Canal Water Review

"To teach superstitions as truth is a most terrible thing." Hypatia "Yeah. That pretty much sucks canal water." cwr

Friday, July 30, 2004

In Memoriam

Ahmed Ghailani is nicknamed "Fupi," not "Foopie," as some news reports want to phonetically report it. The word is Swahili for "short." Maybe he's short. But he can't possibly be anything cute and cuddly and rhyme with "Snoopie."

His arrest, coincidence or not, is long overdue. May the Pakistan government and ours glean much information from him and the computers they captured with him. (Please, may they also do so honorably--although I have my doubts about that part.) And then may he be brought to public trial and punished for his crimes.

Why do I give a rat's patootie? My memories of the embassies in Nairobi and Dar es Salaam are fogged by time, but I never laid eyes on the World Trade Center. I have passed through New York City a couple times, probably met a couple of people from New York state in my lifetime. I lived in Kenya for 14 months, in Tanzania for 21 months--and I knew a lot of people in both capitals. When the Towers fell, I was horrified, sickened, angered. When the embassies were bombed, I grieved.

I only visited the Nairobi embassy a couple of times. I was young and thought all our embassies were like what I saw in the movies. This one was just an office in an office building. Nothing special at all. I registered my presence in the country and set off on my more or less merry way. It was great fun to receive a letter some months later, inviting me to the Ambassador's Fourth of July party in Nairobi. You bet, I went. Didn't know a soul, but found other young Americans there and enjoyed the hot dogs. After months of wali na mchuzi, mustard can be a fine thing.

If I didn't see much of the inside of the embassy, I was certainly aware of the busy streets of Nairobi. My work was on the coast, in a Muslim area. I went to Nairobi about every 3 months for a couple of days of R & R. There I could be with other young people, go dancing, enjoy the cosmopolitan atmosphere of a wonderful city. Then I would go back to the coast and immerse myself in the local communities that I lived with.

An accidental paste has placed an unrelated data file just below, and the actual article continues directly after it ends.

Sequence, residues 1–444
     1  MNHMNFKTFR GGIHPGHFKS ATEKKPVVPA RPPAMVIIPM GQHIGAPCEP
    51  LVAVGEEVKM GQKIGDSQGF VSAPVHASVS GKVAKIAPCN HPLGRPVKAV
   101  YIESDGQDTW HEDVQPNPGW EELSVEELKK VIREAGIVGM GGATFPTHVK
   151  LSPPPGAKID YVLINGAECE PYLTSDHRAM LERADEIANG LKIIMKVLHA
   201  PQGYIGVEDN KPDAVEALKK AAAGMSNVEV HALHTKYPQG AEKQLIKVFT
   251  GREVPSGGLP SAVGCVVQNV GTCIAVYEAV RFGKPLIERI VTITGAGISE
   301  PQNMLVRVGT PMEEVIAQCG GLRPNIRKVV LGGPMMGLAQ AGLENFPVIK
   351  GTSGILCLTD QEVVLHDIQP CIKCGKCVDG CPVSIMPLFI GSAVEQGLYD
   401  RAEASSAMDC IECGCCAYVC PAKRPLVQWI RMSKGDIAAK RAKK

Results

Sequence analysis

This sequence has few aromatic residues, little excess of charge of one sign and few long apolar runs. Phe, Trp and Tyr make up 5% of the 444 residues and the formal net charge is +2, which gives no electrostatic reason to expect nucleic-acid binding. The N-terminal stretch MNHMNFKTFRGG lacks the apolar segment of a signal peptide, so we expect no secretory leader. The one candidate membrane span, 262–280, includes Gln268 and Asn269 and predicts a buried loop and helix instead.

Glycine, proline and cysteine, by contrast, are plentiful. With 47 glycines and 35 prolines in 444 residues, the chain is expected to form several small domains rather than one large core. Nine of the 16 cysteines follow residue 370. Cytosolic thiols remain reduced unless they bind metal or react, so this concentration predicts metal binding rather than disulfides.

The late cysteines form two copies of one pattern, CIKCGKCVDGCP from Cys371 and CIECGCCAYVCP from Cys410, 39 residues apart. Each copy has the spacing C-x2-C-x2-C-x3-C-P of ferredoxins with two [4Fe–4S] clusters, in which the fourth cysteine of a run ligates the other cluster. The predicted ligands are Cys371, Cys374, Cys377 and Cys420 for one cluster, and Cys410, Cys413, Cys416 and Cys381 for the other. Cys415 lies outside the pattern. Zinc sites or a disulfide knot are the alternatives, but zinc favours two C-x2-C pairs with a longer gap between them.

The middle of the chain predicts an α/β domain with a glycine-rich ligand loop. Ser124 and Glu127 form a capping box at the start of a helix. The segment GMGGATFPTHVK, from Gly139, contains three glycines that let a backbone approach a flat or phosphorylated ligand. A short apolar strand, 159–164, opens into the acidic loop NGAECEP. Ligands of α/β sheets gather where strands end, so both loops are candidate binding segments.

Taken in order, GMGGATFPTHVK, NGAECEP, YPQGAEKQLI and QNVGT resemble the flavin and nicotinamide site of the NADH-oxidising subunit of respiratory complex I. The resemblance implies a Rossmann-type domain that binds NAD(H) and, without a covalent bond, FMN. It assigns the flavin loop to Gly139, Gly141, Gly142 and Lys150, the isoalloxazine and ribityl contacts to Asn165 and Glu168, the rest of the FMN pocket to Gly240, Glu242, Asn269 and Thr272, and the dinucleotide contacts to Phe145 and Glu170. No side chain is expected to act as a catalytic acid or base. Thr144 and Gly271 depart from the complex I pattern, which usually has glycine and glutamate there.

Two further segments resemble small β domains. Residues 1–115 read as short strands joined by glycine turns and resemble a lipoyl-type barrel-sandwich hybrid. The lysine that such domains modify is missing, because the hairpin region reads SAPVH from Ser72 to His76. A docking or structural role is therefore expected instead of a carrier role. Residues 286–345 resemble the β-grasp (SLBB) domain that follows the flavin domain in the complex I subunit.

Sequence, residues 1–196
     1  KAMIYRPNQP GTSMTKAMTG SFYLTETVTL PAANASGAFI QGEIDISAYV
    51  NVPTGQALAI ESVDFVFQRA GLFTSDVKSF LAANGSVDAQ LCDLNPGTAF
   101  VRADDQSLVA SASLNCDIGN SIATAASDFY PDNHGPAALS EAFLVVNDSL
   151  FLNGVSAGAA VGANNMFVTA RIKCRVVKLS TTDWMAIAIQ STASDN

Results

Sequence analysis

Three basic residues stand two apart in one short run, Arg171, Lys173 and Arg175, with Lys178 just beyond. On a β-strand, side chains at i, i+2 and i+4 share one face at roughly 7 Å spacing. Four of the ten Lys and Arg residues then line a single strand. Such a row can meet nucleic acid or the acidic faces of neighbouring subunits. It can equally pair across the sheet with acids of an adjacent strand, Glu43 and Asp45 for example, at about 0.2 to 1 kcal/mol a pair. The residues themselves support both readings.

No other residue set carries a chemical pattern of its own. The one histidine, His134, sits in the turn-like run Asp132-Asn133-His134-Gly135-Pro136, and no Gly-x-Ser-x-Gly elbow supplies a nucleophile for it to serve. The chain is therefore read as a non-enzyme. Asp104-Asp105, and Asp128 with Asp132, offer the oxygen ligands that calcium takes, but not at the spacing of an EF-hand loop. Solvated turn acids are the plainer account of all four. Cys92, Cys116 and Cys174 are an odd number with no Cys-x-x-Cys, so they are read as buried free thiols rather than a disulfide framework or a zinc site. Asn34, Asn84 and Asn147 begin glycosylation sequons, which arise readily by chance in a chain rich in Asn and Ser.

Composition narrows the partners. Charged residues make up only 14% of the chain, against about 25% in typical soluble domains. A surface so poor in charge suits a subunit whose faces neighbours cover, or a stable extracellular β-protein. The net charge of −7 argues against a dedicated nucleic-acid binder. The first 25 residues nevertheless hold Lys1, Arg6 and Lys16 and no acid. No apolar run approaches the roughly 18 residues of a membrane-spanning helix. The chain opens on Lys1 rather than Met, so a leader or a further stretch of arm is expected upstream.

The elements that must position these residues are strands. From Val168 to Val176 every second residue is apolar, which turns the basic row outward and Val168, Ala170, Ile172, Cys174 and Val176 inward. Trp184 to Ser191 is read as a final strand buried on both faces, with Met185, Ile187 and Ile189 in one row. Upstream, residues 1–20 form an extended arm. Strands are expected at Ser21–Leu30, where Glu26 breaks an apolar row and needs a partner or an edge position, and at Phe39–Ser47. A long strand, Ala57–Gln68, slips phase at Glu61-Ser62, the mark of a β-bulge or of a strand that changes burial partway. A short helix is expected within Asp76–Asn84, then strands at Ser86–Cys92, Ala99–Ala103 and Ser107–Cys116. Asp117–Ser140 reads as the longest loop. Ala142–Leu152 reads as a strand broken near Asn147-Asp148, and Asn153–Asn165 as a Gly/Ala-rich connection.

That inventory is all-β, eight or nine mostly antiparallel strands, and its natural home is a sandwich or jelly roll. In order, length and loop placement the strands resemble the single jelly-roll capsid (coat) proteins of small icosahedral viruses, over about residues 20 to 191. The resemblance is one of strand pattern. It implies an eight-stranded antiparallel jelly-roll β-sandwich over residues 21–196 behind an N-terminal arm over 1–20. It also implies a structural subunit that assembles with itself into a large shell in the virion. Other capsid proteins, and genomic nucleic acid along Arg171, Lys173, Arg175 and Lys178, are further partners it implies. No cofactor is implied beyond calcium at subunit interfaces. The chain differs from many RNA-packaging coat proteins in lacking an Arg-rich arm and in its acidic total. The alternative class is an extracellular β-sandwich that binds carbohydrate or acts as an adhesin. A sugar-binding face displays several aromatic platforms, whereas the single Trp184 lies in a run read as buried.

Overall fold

The streets were filled with vendors. Food. Goods. Beggars. Foot and bike traffic. Wildly driven cars and taxis and buses. There would have been a lot of people in the office building where our embassy was located. There would have been a lot of people on the street outside. Fine people. Building their lives. Building their country.

And Ghailani (allegedly) blew them up.

Ten years later I found myself in Dar es Salaam. My contacts with the embassy were not much more direct there either--except that I lived in town and I drove past the embassy every day on my way to work. There were two things to look out for on that drive. One was the really big pothole (sinkhole) that could break an axle on a good day. The other was the flag. Tanzania was not, at that time, quite the happy experience for me that Kenya was, so I was much more homesick, much more aware of what I had left behind when I left the United States. It was incredibly comforting to see our flag flying--day and night--on top of that concrete bunker of a building.

The local scuttlebutt was that the embassy building originally belonged to the Isrealis, but the Tanzanians kicked them out for some reason, so we took over the building. This building was set away from the downtown area. It was fenced in. I remember one of my rare visits to the embassy, seeing a delivery truck parked inside the fence. There were cases of Hawaiian Punch under the tarp. I was so jealous. A marine greeted me from behind bullet proof glass and asked for identification and my business before admitting me.

This time around, I had a husband in tow for the Ambassador's Fourth of July picnic. Yet, again, we loved the hotdogs--mustard was just as hard to find in Dar--and all the hokey state songs played for the folks in attendance. And, embassy or no, there were only two real choices in town for the movies. One was to go to the drive in, which we did. The other was to go to the Marine House, which we also regularly did. There we sat on folding chairs and watched almost current movies projected on a white sheet, drinking Australian beer, and munching popcorn in the midst of a raucous group of clean cut young'uns and very tired expats.

This embassy was a harder target, but Ghailani still (allegedly) did his best to blow it up.

I don't know anyone who died in those attacks. But I feel like I do. I know the kind of people that they were--Kenyan, Tanzanian, American. Even Ghailani.